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MCS 3040 (228)
Chapter 20

Chapter 20

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Department
Marketing and Consumer Studies
Course
MCS 3040
Professor
Joseph Radocchia
Semester
Winter

Description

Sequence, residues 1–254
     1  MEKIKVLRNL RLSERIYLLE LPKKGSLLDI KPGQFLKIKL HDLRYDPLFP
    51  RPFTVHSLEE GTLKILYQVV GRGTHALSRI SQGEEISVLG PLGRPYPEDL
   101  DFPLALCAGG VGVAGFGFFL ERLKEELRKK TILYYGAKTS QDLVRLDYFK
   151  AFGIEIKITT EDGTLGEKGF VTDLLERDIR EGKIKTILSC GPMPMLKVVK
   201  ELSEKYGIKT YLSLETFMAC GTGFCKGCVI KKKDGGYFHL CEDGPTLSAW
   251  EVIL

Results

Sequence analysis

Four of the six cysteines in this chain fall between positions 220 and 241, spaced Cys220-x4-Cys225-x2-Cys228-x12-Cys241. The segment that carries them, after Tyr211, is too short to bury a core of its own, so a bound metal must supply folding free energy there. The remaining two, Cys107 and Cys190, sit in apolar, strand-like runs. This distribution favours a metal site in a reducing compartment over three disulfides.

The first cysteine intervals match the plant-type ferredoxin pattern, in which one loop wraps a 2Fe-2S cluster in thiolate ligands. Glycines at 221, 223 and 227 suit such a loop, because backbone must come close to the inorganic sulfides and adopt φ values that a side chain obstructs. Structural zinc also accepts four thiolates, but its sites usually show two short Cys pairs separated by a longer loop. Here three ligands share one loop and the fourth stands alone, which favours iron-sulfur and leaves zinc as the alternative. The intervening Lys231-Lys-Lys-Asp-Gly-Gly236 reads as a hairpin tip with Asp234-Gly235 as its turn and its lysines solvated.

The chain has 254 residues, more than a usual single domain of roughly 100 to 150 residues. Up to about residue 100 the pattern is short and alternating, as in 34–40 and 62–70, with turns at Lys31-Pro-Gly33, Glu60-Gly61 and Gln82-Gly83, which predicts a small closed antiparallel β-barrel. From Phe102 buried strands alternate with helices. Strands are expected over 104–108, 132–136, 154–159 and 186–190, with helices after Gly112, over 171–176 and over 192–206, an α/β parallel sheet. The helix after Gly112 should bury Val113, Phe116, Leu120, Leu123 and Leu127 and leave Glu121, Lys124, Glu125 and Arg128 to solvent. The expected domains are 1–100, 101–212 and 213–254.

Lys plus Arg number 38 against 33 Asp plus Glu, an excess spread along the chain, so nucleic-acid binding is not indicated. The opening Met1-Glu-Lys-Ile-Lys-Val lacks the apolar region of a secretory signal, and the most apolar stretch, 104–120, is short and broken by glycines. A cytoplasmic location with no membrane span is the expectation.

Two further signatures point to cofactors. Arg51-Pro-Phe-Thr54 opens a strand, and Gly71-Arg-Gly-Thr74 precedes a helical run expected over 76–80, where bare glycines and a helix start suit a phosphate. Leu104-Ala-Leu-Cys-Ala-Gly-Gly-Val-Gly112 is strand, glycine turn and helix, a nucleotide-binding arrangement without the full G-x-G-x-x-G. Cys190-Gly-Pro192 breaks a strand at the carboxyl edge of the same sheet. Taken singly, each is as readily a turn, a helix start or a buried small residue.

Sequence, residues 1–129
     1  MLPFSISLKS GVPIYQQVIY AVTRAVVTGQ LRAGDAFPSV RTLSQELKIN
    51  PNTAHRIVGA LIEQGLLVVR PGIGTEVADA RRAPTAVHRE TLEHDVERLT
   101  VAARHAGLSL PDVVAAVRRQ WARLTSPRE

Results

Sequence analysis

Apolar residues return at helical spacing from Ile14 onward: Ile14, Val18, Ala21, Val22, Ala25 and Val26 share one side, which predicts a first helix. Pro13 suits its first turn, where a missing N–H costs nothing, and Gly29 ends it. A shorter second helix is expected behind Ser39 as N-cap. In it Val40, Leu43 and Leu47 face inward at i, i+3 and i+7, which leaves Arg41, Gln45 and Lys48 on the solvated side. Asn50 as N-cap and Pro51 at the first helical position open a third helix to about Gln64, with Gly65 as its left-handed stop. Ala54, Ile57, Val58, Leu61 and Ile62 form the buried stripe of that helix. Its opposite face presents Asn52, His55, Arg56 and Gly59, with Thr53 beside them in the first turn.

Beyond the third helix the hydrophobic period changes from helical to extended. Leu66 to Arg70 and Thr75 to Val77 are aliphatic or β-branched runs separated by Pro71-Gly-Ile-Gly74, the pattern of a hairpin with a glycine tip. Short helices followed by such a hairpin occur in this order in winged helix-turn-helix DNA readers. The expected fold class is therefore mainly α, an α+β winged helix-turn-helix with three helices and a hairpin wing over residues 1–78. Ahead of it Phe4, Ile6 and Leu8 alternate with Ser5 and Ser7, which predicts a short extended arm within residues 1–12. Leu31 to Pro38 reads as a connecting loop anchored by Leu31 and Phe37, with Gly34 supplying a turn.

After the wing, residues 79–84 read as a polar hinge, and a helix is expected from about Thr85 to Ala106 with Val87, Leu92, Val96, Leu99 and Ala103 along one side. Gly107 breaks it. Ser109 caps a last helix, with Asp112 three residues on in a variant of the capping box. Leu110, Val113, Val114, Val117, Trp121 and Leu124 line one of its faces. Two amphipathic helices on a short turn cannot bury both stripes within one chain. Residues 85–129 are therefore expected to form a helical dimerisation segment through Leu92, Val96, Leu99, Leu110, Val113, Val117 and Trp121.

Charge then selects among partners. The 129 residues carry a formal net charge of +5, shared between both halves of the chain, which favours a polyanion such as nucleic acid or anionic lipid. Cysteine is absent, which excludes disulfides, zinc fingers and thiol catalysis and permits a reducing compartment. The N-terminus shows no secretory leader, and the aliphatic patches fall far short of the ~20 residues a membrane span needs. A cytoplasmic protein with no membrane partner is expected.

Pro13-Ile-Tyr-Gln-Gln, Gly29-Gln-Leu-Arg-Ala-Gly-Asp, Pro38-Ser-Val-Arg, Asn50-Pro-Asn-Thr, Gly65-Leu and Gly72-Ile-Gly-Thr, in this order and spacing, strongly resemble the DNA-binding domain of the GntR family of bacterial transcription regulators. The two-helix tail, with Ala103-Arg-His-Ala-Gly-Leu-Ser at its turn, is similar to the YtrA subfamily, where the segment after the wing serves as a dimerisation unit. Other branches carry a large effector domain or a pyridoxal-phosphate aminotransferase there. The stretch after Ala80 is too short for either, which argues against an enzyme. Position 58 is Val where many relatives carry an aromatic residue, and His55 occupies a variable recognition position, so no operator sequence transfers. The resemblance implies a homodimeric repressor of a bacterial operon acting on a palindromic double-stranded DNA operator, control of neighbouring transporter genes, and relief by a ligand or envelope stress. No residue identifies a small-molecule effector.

Chapter 20: The Employment Relationship Employment Law • An employee is subject to either federal or provincial jurisdiction, and it is not unusual for employees working in close proximity to be subject to different employment legislation • Both levels of government have enacted human rights legislation and an array of employee welfare legislation, such as employment standards, occupational health and safety standards and workers compensation • Legislation of general application, governments have passed legislation that affects employees in specific jobs • Public sector employees, such as police officers, teachers, medical personnel, and civil servants, are commonly affected by specific legislation The Employment Relationship • Employee Relationship: A contractual relationship whereby an employer provides remuneration to an employee in exchange for work or services ◦ Not everyone who works for another or provides services to another is an employee • Independent Contractor: A person who is in a working relationship that does not meet the criteria of employment ◦ Usually doctors and lawyers provide services in the capacity of independent contractors, rather than as employees of their patients/clients ◦ Benefits are tax savings, flexibility, and independence in arranging a work schedule ◦ An employer may prefer to engage independent contractors because the relationship offers simplicity and fewer financial and legal obligations Employee Versus Independent Contractor • The distinction between an employer and an independent contractor is not always readily apparent • it is common to think of independent contractors as being short-term and temporary, while employees are long-term and permanent • The courts have used a variety of tests to distinguish between the two relationships, including the following: ◦ The degree of control exercised over the individual by the employer. The more direction and supervision provided by the employer, the more likely that the relationship is employment ◦ The ownership of tools, chance of profit, and the risk of loss from performance of the requested service. Sharing profits and losses and the ownership of tools are indicative of an independent contractor ◦ The degree of integration. The nature of the work being performed is considered in relation to the business itself. The question is whether the work being performed is “integral” to the business, or is “Adjunct” to the normal work of the business. The more the work is integrated into the company's activities, the more likely it is that the individual is an employee • Supreme Court of Canada has indicated that there is no one conclusive test that can be applied • Read case on pg 503 Implications of an Employment Relationship • Employees have certain statutory rights and benefits, such as paid holidays and paid overtime, that are not conferred on independent contractors • Employers have certain obligations with respect to employees, namely deduction of income taxes and employment insurance premiums, the payment of Canada Pension Plan premiums, the provision of paid vacations, and which they do not have with respect to independent contractors • Consequences of incorrectly characterizing a work relationship as an independent contractor arrangement can include: ◦ retroactive responsibility for paying benefits ◦ Liability for penalties and interest charges • An employee can initiate an action for wrongful dismissal, but this avenue is not available to an independent contractors • An employer is responsible for the tort of an employee committed in the ordinary course of employment, whereas the employer is not usually responsible for the torts of an independent contractor committed in the course of carrying out the product. • An independent contractor, may be an agent for the employer, in which case the employer can be vicariously liable for the acts of the agent under traditional agency principles Risk in Hiring • Hiring the candidate who is best suited for the job results in the optimal use of resources • From legal perspective, hiring well can reduce the risks associated with the employment relationship, in particular those associated with vicarious liability and negligent hiring Vicarious Liability • Employer will be vicariously liable if there is a significant connection between the wrongful acts of the employee and the creation or enhancement of the risk of the wrongful act by the employer • Jurstification for holding employers responsible for their employees actions include the following: ◦ Employers have the ability to control employees and therefore should be liable for the employee's conduct ◦ Employers benefit from the work of the employees and therefore should be responsible for liability incurred by employees ◦ Employers are usually in a better position than employees to pay damages ◦ Employers have an incentive to try to prevent torts from occurring in the first place • The employee may be liable to the employer for breach of the employment contract; however it is rare for an employee to pursue an action against an employee because of the inability of the employee to pay damages and the negative publicity associated with the legal action Negligent Hiring • An employer has a duty to use skill and care in hiring employees (the extent of the duty will vary according to the position the candidate is to fill) • If an employee injures another employee or causes harm to a third party, there may be an action against the employer for being negligent in having hired that employee's • This action differs from vicarious liability which holds the employer strictly liable for the actions of the employee as long as the actions are sufficiently related to the employment • It requires the plaintiff to prove that the employer was careless in, for example, hiring, training or supervising The Hiring Process • Hiring process involves a number of steps: ◦ Develop job descriptions ◦ Advertise the positions ◦ have candidates complete an application form or submit a resume ◦ short-list candidates ◦ check backgrounds or references ◦ interview selected applicants Human Rights Requirements • Federal, provincial, and territorial governments have enacted human rights legislation whose objective is to provide equal access to employment opportunities for all • Human Rights Commissions: An administrative body that oversees the implementation and enforcement of human rights legislation Prohibited Grounds of Discrimination • Human rights legislation does not prohibit all discrimination in employment, but only discrimination on certain prohibited grounds • The following are prohibited grounds of discrimination under all Canadian Legislation: ◦ Martial status ◦ race ◦ colour ◦ physical or mental disability ◦ religion or creed ◦ sex ◦ age • If a particular ground of discrimination is not included in the human rights legislation, the exclusion may be challenged as a violation of the equality provisions of the Canadian Charter of Rights and Freedom • If the challenge is successful, the courts may “read in” the ground ◦ Example: alcohol dependency is included in physical disability; pregnancy and sexual orientation are included in sex Discrimination Defined • Discrimination: The act of treating someone differently on the basis of a prohibited ground • Adverse Effects Discrimination: Discrimination that occurs as a result of a rule that appears neutral but in its effects is discriminatory • Systemic Discrimination: Discrimination that results from the combined effects of many rules, practices and policies Defences to Discrimination • Bone Fide Occupational Requirements (BFOR): A defence that excuses discrimination on a prohibited ground when it is done in good faith and for a legitimate business reason • Example: A requirement that a person have valid drivers licence discriminates against some persons with physical disabilities, but a valid driver's licence is a BFOR for the job of truck driver • The Supreme Court of Canada in Meriorin set out a three-step test for determining whether a discriminatory standard qualifies as a BFOR • Test includes: ◦ Duty of Accommodate: The duty of an employer to modify work rules, practices, and requirements to meet the needs of individuals who would otherwise be subjected to unlawful discrimination • In effect, this means that employers, when designing standards, requirements, and the like, must consider the need for individual accommodation • This does not mean that the employer must change working conditions in a fundamental way • Rather it means that the employer has a duty, if it can do so without undue hardship, to arrange the employee's workplace or duties to enable the employee to do his or her work • The Supreme Court of Canada has indicated that undue hardship does not require the employer to show that it is impossible to accommodate the employee's ◦ The court declined to set strict guidelines as to what constitutes undue hardship, since every employee's condition and every workplace is unique ◦ Factors such as size of the organization, its financial resources, the nature of operations, the cost of the accommodation measures, the risk the accommodation measure will pose to the health and safety of employee and his colleagues and the public and the effect of the accommodation measure on other employees Penalties • Failure to avoid or eliminate discriminartory practices can result in a complain to a human rights commission • If the board finds the complaint to be valid, it can order that the employer stop its practices, hire a particular individual, pay monetary compensation, write a letter of apology, reinstate an employee or institute an affirmative aciton place • To reduce the risk of a human rights complaint, an employer needs to review all aspects of the employment process • look at pg 509 for example to reduce the risks Employment Equity • may affect hiring decisions • attempts to achieve equality in the workplace by giving underrepresented groups special consideration in hiring • Employment Equity Legislation: Laws designed to improve the status of certain designated groups • The federal Employment Equity Act targets the under representation of women • It requires employers to: ◦ Consult with employee representatives regarding the implementation of employment equity ◦ Identify and eliminate barriers